New England Milfoil on collins pond in july 2021

Two crews from New England Milfoil will be on Collins Pond again this year helping to control the infestation of Hybrid Variable Leaf Milfoil. These crews are currently on the lake working from July 5th through July 15th. The Collins Pond Improvement Association has been working since 2006 to reduce the spread of this non-native, invasive plant in our lake. With the help of grants from a variety of sources including the Maine DEP and the Town of Windham we have been able to hire New England Milfoil crews for the 8th year to augment the work our own volunteer DASH boat crew is able to accomplish. Hand-pulling these plants is slow work and must be done each year. Eventually it is hoped that enough of the large concentrations of plants will be removed that less maintenance will be required.

Lake or Pond?

One of the most frequently asked questions posed of biologists in the Lake Assessment Section of Maine DEP, is what makes an inland body of freshwater a lake or a pond? About half of the 6,000 lakes and ponds that have been assigned a state identification number have been named, many having two or three names. At least thirty have one name with the word lake in it and the other with the word pond. For example, Bryant Pond is also known as Lake Christopher and Dexter Pond sports the name Wassookeag Lake! It is often these dual names that make folks wonder exactly where do we draw the line in Maine?

One classic distinction is that sunlight penetrates to the bottom of all areas of a pond in contrast to lakes, which have deep waters that receive no sunlight at all. Another is that ponds generally have small surface areas and lakes have large surfaces. So a combination of surface area and depth are considered from a technical perspective. 

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Some of our waters are definitely lakes – they are both large and deep – indisputably lakes. Others are ponds – small and shallow. And there is a transition between the two where the definition becomes fuzzy. If we held to the depth distinction, some ponds would become lakes mid-summer when algal populations limit light penetration to the bottom. The surface area distinction makes no sense for seven-acre waters that are 50 feet deep (like Maine’s kettle ponds), or for 400-acre waters that have emergent vegetation across their entire surface.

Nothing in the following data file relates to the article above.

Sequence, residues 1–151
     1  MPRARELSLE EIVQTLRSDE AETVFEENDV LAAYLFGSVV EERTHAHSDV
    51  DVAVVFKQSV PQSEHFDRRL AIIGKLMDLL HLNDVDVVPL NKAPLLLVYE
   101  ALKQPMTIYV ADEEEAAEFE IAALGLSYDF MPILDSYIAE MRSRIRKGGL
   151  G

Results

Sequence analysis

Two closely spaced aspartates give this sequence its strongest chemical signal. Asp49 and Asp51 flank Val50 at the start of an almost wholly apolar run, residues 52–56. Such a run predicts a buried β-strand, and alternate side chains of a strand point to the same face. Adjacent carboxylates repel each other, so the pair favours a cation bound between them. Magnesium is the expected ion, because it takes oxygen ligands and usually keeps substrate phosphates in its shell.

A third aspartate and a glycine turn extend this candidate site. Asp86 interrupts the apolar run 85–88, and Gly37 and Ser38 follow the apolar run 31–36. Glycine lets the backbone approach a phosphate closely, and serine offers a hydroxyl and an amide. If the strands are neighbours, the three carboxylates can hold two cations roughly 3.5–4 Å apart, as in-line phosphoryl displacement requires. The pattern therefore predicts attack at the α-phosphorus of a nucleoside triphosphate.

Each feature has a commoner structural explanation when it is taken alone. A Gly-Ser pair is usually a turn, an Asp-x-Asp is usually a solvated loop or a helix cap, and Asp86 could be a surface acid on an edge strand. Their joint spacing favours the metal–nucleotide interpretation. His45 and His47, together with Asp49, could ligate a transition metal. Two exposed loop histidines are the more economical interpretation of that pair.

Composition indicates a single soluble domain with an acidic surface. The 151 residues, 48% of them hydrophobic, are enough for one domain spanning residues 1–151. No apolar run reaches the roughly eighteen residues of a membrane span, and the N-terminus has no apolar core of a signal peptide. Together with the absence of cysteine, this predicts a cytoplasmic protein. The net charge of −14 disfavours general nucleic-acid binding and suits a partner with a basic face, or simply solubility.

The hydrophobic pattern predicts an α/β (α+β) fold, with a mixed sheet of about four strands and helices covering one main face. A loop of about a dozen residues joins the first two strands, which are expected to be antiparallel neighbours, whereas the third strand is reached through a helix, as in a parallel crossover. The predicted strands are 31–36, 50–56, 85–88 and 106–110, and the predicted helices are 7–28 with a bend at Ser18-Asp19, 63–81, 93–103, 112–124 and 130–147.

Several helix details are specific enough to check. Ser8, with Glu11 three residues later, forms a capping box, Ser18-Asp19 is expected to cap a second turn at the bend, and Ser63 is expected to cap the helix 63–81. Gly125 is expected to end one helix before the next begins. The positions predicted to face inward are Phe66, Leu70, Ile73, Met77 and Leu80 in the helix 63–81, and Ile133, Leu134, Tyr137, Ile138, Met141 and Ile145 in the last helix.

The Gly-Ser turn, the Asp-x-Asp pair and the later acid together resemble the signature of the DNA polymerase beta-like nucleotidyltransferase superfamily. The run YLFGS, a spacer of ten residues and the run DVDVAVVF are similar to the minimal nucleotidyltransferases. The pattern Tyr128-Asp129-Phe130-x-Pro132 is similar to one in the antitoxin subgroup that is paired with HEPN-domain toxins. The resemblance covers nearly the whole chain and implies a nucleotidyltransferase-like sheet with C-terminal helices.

So to answer the question above: no definitive line exists between lakes and ponds. The one distinction that has any legal application is the designation of a water as a Great Pond. Maine state statues define lakes and ponds greater than ten acres in size as Great Ponds. If an impounded water is greater than thirty acres in size it is also legally considered a Great Pond; impounded waters less than thirty acres that were greater than ten acres before dammed are also Great Ponds

Thus there is no exact technical distinction between lakes and ponds. All lakes and ponds provide critical habitat for other living creatures – aquatic macroinvertebrates, plankton, fish, wildlife and vegetation – and all need protection, so that clean fresh water continues to be one of Maine’s premier natural resources.

Information provided by Linda Bacon at the Maine Department of Environmental Protection.


As mandated by the State of Maine, Little Sebago Lake will close the Hopkins Dam on April 15th to start to bring that lake up to its summer level. Some years ago an agreement was reached with the State to set the summer and winter water levels on Little Sebago Lake to settle disagreements among property owners. Since this is the upstream water source for Collins Pond, our dam will start to close a few days before this to bring our lake level back up to a normal summer level.

Collins Pond